I learned everything I know about recruiting amazing people from hunting ducks with my grandfather as a teenager.

When I joined 1-800-GOT-JUNK? five years ago, there were fourteen employees at our head office. Today, we have a team of over 1,500 system-wide. How did we find the stars on our bright, dynamic team? It all boils down to what I learned duck hunting.

Recruiting Great People

My grandfather always knew exactly what kinds of ducks he wanted before we set out to hunt: blue-winged teals, mallards, and canvas backs. And, he definitely didn’t want mergansers. Immediately I learned that recruiting the right people is all about having a crystal clear picture in my mind of exactly what I am looking for. In my current role, I want to be sure that all new hires will truly impress every person they interact with, be it customers, strategic partners, vendors, the media, or the public at large. In other words, everyone we hire from the sales and customer service frontline to accounting and IT specialists must have the personality and skills to always exceed people’s expectations.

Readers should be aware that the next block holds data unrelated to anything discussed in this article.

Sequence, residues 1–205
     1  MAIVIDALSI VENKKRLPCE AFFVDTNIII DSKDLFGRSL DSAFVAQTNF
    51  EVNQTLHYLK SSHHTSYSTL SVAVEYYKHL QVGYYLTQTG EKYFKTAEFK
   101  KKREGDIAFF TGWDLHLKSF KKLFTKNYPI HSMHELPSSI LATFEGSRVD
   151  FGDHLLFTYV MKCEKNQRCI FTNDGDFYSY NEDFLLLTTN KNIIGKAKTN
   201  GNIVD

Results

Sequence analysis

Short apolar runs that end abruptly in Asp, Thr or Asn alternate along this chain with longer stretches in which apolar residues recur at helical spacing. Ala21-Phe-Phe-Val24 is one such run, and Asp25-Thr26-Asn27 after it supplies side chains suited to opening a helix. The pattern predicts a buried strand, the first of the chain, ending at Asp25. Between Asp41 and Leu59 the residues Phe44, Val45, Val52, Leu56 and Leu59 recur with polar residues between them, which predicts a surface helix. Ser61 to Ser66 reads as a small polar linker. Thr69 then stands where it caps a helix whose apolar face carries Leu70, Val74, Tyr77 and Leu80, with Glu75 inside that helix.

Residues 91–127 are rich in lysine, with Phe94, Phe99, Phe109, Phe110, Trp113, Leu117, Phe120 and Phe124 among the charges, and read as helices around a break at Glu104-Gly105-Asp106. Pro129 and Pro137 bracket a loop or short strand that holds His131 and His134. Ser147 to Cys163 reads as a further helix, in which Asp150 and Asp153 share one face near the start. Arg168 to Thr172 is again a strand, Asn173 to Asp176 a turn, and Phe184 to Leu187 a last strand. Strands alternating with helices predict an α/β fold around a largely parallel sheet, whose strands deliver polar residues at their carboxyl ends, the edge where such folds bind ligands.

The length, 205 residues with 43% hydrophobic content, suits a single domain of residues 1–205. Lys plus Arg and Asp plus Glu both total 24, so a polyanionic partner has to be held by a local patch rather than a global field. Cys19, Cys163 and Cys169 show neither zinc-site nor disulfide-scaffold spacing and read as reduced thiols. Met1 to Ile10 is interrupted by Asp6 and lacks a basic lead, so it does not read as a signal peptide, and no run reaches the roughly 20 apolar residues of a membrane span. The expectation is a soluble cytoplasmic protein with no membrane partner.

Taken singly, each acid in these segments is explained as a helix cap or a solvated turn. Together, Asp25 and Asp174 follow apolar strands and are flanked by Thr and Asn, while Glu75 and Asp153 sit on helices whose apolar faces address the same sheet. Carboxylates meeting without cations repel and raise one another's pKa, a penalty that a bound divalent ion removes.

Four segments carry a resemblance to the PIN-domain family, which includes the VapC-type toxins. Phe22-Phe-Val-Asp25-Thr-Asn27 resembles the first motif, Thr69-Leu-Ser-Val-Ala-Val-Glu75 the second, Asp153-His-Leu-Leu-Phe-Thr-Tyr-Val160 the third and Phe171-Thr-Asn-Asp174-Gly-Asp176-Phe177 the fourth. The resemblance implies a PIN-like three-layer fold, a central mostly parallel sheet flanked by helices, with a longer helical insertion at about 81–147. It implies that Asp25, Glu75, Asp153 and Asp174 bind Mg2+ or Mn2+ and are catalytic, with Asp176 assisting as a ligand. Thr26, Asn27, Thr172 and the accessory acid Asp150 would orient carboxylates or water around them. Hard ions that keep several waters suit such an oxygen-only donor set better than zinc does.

Forecasting Hiring Needs

Before we left to go hunting, Grandpa reminded me that we were allowed to only shoot six ducks. So, six was the goal. Not just any six. They had to be the very best six ducks..

How many employees do I need? When do I want them? Do I need to hire them all at once, or spread out over time? Perhaps I’ll want a few extra. What happens if someone quits? What about temporary staff? What if my employees leave to go back to school in the fall? These kinds of thoughts and questions will tend to arise within anyone who hires. Regardless of what you’re thinking, remember one thing above all else. If you scramble to hire, it’s game over. You lose.